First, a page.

Oliver Raschka is a photographer from Stuttgart, Germany. He studied economics and psychology. As a photographic autodidact he trained himself through numerous workshops with renowned photographers. He loves black-and-white photography, coffee is the drug of his choice, and loud rock music is what he likes. His photographs have been widely published in group and individual exhibitions as well as in international and national journals.
About ‘THE WORLD IS NOT ENOUGH AT SEVEN O’CLOCK IN THE MORNING’:
No staging, no posing. Snapshots from real life, at home, while playing, after school, at sports, during shopping… As a silent observer, I feel the daily here and now of my two children. Not as a father, but as a photographer. A visual sociology of childhood in dramatic and engaging black and white images.
For children, life is an adventure every day. But what is it like to be a child? What was it like to be a child? When you don’t have to worry about yesterday or tomorrow? When you just live for the moment? For adults childhood often seems like a desirable and endlessly ongoing time in life full of love, joy and safety, but from a child’s perspective it is also a rollercoaster of emotions, an eternal struggle between the child’s dependence and need for autonomy, self-discovery, fear, happiness, pain, hope and self-doubt. Often the emotional state of a child suddenly changes at a moment’s notice.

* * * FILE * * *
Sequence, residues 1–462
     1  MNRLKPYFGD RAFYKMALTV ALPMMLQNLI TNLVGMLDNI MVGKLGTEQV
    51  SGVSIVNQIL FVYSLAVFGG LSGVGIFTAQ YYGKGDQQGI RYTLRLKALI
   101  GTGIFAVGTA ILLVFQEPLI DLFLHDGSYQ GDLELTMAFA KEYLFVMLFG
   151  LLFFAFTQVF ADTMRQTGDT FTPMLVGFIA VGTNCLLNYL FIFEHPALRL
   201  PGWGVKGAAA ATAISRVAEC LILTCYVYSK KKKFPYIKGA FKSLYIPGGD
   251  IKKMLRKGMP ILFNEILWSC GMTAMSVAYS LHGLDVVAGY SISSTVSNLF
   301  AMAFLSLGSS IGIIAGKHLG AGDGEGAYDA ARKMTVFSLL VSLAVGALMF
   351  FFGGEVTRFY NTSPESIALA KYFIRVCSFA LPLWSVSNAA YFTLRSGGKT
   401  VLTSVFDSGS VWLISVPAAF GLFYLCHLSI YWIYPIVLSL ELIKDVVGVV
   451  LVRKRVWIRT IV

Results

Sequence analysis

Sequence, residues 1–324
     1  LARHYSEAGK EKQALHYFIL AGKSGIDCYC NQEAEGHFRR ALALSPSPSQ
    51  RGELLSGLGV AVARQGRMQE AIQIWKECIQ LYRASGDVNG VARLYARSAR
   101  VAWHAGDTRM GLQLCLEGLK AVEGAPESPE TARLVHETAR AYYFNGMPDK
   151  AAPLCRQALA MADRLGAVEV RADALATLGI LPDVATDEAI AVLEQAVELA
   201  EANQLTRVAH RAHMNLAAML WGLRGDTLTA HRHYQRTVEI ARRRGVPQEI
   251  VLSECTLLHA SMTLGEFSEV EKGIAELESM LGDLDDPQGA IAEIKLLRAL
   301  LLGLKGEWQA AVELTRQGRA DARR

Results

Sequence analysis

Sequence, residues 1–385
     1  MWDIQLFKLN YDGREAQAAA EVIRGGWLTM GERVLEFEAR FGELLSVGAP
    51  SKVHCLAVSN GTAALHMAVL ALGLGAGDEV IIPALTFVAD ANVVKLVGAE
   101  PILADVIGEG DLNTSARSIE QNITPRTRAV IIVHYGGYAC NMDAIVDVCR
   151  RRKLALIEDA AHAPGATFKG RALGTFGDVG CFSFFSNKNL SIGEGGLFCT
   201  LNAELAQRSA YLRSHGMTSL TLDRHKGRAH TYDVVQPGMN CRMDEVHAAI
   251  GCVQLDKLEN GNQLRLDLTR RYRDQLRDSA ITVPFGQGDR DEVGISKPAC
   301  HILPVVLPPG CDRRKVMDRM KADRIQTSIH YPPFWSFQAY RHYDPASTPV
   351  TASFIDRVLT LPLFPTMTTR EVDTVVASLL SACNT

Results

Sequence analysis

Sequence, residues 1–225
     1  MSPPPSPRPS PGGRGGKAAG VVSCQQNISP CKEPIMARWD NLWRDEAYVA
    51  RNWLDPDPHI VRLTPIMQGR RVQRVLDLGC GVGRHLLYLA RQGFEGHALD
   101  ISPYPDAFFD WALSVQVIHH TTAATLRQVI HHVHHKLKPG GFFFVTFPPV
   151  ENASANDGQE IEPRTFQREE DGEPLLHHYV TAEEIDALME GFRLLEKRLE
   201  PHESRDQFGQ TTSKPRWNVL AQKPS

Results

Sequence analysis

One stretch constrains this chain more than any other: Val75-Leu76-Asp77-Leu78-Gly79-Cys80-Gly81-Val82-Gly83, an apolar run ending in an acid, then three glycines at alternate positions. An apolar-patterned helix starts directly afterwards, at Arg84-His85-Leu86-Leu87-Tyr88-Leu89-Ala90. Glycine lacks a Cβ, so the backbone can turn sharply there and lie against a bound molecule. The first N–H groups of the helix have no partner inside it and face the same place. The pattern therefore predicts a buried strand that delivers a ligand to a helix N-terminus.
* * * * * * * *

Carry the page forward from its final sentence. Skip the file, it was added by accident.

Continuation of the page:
But it is everyday life that determines the lives of my children. I try to capture these unique moments in an honest way, as they come up in a natural manner. I don’t ask my sons to pose for me. As I keep a camera on hand as often I can, I am able to record their life in a fluid way.
For me, this long-term project is about the core of (street) photography: to capture the transitory in the contemporary, to find the extraordinary in the ordinary and thus to allow new perspectives on the known and finally to give subjective insights into a young family life that are universal at the same time. So these images are candid — not staged — but always unique.